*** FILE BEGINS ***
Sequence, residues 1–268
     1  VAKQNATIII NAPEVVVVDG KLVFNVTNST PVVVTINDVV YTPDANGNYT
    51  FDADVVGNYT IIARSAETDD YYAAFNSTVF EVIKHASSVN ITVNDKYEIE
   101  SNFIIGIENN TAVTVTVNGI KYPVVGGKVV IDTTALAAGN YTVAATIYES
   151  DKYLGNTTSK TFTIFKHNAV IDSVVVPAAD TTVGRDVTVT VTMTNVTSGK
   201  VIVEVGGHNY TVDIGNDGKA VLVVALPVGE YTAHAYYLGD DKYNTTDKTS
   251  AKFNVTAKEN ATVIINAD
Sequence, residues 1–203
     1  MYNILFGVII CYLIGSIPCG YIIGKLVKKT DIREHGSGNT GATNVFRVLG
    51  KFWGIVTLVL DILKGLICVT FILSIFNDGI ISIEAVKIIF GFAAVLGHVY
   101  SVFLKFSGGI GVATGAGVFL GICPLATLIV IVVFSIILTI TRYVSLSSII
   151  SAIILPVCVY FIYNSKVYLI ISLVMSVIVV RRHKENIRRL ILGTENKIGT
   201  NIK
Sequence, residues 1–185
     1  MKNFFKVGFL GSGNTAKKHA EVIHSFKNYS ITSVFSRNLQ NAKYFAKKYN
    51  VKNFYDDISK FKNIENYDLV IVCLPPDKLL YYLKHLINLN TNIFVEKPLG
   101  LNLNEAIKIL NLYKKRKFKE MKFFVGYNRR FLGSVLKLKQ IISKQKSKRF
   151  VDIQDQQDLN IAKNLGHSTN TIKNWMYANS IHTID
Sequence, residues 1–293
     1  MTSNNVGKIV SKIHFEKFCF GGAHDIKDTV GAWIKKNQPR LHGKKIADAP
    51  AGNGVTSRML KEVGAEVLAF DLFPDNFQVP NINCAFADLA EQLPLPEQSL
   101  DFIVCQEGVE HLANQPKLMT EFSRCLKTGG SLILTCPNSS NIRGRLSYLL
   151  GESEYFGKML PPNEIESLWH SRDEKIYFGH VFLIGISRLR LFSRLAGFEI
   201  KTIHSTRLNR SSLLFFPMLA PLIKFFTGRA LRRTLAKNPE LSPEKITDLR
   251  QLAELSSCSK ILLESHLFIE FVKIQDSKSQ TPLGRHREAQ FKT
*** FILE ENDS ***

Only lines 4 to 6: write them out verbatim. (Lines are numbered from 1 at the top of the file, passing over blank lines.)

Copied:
   101  SNFIIGIENN TAVTVTVNGI KYPVVGGKVV IDTTALAAGN YTVAATIYES
   151  DKYLGNTTSK TFTIFKHNAV IDSVVVPAAD TTVGRDVTVT VTMTNVTSGK
   201  VIVEVGGHNY TVDIGNDGKA VLVVALPVGE YTAHAYYLGD DKYNTTDKTS